One may question how can Christ be present in the Eucharist and be also in heaven and that is a fair question. First of all, in my explanation let me make it clear that how Christ performs this miracle is a great mystery that we accept on faith through our spirit to His. If we look at the account of the last supper we see Jesus present in two ways. He is present at the table in a natural way and is present also in a sacramental way which is no different than the Eucharistic experience today and through the history of the Church. How this is done while being a mystery is not impossibility just because it cannot be understood fully with our reason. We can all accept as Christians that God is everywhere and that He is present in a spiritual sense when we are gathered together. This is no greater a mystery than him reigning in heaven in His glorified body and on earth in His natural body. If he can create the universe from nothing can he not make bread and wine into His Body and Blood? These things may be beyond our understanding but certainly not beyond God’s abilities.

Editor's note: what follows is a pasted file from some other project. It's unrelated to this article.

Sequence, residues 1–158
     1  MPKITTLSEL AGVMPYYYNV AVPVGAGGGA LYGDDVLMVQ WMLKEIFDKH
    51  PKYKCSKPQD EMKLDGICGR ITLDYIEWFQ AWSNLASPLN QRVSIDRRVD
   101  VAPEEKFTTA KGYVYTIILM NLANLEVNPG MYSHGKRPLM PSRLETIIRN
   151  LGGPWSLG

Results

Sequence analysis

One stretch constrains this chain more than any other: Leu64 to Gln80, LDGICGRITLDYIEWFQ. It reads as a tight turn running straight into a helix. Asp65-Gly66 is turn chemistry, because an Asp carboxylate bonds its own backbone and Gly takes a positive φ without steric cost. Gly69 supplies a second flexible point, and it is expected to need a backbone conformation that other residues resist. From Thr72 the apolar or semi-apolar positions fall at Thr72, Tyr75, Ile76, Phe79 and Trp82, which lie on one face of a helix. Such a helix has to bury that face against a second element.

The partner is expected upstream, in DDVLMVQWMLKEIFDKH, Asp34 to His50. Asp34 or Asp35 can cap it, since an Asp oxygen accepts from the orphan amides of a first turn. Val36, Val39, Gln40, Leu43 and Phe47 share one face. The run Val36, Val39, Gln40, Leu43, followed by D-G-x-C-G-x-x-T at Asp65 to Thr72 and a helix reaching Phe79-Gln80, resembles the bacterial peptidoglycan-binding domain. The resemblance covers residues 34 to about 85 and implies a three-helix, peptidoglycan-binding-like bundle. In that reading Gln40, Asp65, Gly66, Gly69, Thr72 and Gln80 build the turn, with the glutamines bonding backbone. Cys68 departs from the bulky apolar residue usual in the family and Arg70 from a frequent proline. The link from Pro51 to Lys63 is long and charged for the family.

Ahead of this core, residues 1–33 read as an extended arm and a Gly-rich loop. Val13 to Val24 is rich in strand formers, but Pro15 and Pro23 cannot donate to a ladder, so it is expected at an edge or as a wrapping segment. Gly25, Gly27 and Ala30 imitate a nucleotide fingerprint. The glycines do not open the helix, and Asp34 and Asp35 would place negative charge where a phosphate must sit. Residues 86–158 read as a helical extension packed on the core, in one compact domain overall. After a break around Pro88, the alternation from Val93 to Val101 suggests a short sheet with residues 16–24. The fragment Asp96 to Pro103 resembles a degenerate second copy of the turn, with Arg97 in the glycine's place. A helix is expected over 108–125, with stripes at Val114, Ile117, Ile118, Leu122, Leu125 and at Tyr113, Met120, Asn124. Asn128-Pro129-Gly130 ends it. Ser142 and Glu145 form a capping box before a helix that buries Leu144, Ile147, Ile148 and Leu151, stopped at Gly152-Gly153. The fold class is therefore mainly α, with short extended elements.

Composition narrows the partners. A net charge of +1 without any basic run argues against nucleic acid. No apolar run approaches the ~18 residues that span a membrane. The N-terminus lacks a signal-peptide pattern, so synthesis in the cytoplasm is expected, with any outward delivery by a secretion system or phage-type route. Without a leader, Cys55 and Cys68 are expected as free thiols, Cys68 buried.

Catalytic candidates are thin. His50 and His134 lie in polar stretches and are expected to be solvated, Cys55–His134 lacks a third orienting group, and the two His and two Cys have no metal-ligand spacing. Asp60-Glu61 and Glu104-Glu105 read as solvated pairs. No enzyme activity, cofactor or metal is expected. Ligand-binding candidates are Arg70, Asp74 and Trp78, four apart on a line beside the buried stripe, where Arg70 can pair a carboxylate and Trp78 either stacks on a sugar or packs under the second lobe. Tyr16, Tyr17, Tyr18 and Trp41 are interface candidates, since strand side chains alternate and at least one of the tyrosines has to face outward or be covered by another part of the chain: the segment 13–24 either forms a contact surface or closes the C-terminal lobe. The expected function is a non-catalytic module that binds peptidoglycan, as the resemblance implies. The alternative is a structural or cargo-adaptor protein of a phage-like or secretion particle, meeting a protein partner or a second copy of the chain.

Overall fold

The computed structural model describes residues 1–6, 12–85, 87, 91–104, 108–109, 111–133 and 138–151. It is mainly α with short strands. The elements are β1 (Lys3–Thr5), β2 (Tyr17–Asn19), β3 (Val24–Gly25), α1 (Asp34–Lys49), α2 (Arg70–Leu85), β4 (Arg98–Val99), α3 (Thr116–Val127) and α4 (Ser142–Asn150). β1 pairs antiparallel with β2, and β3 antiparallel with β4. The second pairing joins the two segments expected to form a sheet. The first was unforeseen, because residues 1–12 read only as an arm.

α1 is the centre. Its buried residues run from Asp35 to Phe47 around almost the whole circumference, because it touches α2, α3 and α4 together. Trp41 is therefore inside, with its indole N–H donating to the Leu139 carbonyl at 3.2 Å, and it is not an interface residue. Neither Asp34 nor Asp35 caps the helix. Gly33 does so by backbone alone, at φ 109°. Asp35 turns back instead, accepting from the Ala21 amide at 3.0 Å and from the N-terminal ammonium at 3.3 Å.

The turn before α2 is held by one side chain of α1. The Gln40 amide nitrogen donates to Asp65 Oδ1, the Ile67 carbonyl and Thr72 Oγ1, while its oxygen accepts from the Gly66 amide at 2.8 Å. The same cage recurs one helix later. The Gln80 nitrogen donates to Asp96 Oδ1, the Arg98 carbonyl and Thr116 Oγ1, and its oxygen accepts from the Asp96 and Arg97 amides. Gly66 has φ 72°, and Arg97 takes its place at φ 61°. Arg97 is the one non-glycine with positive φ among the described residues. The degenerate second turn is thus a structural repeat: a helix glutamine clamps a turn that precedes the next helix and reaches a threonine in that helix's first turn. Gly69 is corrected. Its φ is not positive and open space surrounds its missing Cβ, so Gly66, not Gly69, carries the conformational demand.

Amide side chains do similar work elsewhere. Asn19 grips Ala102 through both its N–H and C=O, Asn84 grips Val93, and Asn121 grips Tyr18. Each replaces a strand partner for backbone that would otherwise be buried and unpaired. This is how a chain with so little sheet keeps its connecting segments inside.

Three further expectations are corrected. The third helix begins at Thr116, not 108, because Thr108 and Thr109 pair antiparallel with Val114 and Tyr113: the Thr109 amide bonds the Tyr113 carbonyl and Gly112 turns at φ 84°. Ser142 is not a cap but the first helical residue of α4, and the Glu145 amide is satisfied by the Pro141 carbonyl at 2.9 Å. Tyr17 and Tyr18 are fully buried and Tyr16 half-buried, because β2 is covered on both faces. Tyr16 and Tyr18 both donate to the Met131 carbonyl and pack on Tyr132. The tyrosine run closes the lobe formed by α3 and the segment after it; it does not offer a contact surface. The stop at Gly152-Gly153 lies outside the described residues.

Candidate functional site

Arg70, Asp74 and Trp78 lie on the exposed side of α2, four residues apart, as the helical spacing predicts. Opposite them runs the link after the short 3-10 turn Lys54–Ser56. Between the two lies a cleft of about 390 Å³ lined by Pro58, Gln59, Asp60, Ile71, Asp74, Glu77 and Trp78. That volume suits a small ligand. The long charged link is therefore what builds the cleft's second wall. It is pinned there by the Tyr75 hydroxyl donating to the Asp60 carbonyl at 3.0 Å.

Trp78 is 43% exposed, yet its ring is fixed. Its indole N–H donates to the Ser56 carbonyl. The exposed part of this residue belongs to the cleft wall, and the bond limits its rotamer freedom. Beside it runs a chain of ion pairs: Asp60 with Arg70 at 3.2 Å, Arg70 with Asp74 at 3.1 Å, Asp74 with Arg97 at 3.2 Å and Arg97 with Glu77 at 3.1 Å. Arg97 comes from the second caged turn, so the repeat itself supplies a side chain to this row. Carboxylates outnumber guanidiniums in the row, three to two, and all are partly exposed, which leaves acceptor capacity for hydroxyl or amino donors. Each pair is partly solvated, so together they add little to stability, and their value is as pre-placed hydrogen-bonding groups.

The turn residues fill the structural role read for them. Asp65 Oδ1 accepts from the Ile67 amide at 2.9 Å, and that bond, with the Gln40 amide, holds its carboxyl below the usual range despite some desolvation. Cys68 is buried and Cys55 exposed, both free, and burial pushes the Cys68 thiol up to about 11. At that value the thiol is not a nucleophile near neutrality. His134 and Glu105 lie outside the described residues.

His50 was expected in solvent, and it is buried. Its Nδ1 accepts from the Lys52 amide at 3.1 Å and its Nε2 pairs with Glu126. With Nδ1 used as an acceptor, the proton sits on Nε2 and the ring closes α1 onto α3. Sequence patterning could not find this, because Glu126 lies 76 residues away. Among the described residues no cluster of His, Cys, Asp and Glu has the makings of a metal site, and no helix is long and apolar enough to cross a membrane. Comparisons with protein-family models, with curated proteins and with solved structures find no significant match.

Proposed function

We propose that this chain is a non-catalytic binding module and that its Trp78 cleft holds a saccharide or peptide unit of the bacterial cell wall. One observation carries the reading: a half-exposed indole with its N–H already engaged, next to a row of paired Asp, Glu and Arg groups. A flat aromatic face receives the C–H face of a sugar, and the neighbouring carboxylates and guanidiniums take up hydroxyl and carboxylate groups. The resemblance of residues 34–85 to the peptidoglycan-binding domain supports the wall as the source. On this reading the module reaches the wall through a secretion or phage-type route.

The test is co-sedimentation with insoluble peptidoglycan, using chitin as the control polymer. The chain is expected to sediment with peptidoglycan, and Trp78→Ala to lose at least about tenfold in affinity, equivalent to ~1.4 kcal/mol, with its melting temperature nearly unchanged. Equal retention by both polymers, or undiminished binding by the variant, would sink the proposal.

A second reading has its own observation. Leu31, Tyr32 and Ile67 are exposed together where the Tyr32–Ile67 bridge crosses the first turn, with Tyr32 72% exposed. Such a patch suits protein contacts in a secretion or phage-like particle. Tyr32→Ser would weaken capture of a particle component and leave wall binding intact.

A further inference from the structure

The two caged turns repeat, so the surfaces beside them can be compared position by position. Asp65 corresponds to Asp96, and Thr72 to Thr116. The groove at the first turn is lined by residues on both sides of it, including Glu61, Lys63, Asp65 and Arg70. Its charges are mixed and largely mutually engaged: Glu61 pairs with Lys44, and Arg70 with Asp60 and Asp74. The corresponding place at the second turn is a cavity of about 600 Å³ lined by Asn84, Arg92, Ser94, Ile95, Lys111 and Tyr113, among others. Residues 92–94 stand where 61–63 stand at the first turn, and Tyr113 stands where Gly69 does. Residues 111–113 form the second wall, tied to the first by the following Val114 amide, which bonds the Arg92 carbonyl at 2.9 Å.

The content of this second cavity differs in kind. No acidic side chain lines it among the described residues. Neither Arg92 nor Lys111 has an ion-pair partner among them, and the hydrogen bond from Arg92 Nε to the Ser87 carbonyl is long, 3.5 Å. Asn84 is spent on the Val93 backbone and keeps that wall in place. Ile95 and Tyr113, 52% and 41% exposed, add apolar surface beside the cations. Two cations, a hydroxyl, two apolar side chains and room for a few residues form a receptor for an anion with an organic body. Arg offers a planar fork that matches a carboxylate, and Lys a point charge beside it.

For those who do not believe in the real presence there are the difficulties of the following verses:
(1Co 11:26 DRB) For as often as you shall eat this bread and drink the chalice, you shall shew the death of the Lord, until he come.
(1Co 11:27 DRB) Therefore, whosoever shall eat this bread, or drink the chalice of the Lord unworthily, shall be guilty of the body and of the blood of the Lord.
(1Co 11:28 DRB) But let a man prove himself: and so let him eat of that bread and drink of the chalice.
(1Co 11:29 DRB) For he that eateth and drinketh unworthily eateth and drinketh judgment to himself, not discerning the body of the Lord.
(1Co 11:30 DRB) Therefore are there many infirm and weak among you: and many sleep.
People who refuse to believe in the real presence believe that this represents a metaphor. But, if it is a mere metaphor, how can one be “guilty of the body and Blood” when one receives unworthily? As one scholar put it “Plain and simple reason seem to tell us that the presence of Christ’s body is necessary for an offense committed against it.” (Nicholas Cardinal Wiseman, Lectures on the Real Presence) It would seem reasonable that one cannot be guilty of Christ’s body and Blood if it is not present in the Sacrament. Other scholars said ” No one is guilty of homicide if he merely does damage to the statue or picture of a man without touching the man in person.” (Rumble and Carty, Eucharist Quizzes to a Street Preacher) The question might be asked in light of St. Paul’s teaching, can one be theologically satisfied in the meaningless belief in a Real Absence than the fuller meaning of a Real Presence.